When his red '86 GT became a serious race car, Brian built another 5.0L Mustang as a low-b
MM: You were racing and serving as a test-bed for Ford Motorsport, but at the same time you were climbing the corporate ladder at Ford. What jobs have you held during your career at Ford?
Wolfe: I've been very fortunate. A lot of it is right place, right time. A lot of people plan their careers - where they're going and what they're going to do - but for me I loved engines and I really wanted to get to where I could do engine development. So I started at Heavy Truck as a Ford College Graduate in 1982. It was the only place hiring, but I had a wonderful time there and really learned a lot from some great people. About two years later, I was lucky enough to come to Engine Engineering. As a fuel system engineer, I worked on fuel injectors, regulators, throttle bodies, fuel rails, and those types of components. And I was meeting all these great guys like Wally Beeber, Hank Dertian, and a lot of the guys who did the development work on the 5.0-liter Mustangs in the 1980s.
A guy named Jim Clark was a department manager who went to Advanced Powertrain to bring back this new engine called the modular 4.6. So I said, "Here's my chance!" I knew Jim went for coffee every morning in the drafting room. So I waited there, watched him get his coffee, and followed him back to his office. I told him that I knew he was bringing in this engine and I really wanted to work on the development. So he gave me a chance to work for him, even though there were older and more experienced engineers available. I did that type of work for about 10 years, either as an engineer or a supervisor. I worked on the 4.6 2-valve, 4.6 4-valve, and the Durotech 2.5 and 3.0 V6s.
Then one day my boss called me into his office and said, "Everyone knows you're having way too much fun here so you're going to have to start working for a living like everyone else. We're going to put you in a little different role." That was engine systems engineer, which is a nice way to say program management, where the engine actually sits in the vehicle and achieves its attributes, whether that was fuel economy, NVH, emissions, or performance. I worked on the Durotech 3.0 which was going into the Taurus, and I went from there into Advanced Powertrain where I worked on the Aston Martin V-12, the 3-valve combustion system, and a few other neat projects. I worked there about 2 1/2 to 3 years and then I went to Europe as a chief engineer for Inline Gas Engines. I worked in Europe for three years then came back for the job I had right before this job, which was basically powertrain as installed with responsibility for the engine control system.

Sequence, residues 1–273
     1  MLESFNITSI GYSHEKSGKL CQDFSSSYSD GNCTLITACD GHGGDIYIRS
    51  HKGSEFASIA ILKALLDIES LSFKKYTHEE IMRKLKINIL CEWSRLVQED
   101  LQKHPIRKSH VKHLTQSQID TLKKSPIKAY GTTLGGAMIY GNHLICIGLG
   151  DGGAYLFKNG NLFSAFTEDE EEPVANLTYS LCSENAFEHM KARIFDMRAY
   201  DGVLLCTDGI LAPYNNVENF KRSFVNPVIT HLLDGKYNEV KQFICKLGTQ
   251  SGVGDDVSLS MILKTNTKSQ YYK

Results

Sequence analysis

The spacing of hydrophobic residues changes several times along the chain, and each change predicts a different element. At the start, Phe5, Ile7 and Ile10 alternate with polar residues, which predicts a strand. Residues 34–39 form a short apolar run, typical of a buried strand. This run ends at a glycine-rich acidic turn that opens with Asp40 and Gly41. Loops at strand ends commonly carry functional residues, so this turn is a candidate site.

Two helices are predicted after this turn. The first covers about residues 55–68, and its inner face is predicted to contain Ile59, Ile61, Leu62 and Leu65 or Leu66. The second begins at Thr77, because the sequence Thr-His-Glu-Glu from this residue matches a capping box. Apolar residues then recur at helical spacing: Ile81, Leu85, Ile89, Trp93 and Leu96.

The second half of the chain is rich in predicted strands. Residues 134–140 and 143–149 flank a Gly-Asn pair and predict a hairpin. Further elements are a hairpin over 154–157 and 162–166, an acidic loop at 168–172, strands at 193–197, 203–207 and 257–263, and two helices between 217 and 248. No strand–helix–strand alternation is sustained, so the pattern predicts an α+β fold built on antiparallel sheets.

In a meeting with the vice-president of powertrains, I was asked about my career, my desires, and where I wanted to go. I said, "You know, if Dan Davis ever retires, I'd love to get the opportunity to do that job." And that's how I ended up here.
MM: Sounds like two things prepared you for your current job as Director of Ford Racing - racing and management at Ford. Plus your work with engines. Did all that tie together to help you with your current job?
Wolfe: It really did. The accountability here is pretty large, having the entire motorsports for North America - NASCAR, NHRA, Performance Parts business, and all the other ancillary racing, such as NMRA. We're trying to get more involved in local circle track racing.
There are a couple of things that are important. One, I think it's important to understand how Ford Motor Company works on the engineering side so when you're working with racing teams you understand what they do and you respect what they do so when you need help you know who to go to and how to ask for it. And two, for someone who has loved motorsports their whole life, it allowed the chance to say, if we're going to use motorsports to improve corporate image and help draw people into Ford products, what would appeal to me? So when I'm in the meetings I can make sure I'm looking at it from a customer perspective.